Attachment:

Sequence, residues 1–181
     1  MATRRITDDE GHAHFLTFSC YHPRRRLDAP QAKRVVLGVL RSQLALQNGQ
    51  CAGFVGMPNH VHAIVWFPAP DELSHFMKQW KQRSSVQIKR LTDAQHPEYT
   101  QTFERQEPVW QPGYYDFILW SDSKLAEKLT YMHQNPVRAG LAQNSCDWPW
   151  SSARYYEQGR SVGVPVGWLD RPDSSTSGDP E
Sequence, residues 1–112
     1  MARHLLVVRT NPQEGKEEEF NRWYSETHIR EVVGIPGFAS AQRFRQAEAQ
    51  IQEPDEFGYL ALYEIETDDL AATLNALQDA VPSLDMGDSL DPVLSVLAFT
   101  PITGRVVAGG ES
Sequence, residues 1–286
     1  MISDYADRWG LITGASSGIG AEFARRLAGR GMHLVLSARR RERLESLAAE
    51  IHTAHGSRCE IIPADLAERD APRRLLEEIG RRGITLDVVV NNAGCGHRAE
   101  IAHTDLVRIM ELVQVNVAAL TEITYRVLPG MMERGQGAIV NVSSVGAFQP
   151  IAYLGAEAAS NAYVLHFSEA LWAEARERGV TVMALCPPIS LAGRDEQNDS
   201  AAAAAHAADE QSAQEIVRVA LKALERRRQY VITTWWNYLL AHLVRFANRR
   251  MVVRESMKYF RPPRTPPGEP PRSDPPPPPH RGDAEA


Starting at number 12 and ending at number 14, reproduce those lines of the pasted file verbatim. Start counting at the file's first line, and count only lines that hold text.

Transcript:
    51  IHTAHGSRCE IIPADLAERD APRRLLEEIG RRGITLDVVV NNAGCGHRAE
   101  IAHTDLVRIM ELVQVNVAAL TEITYRVLPG MMERGQGAIV NVSSVGAFQP
   151  IAYLGAEAAS NAYVLHFSEA LWAEARERGV TVMALCPPIS LAGRDEQNDS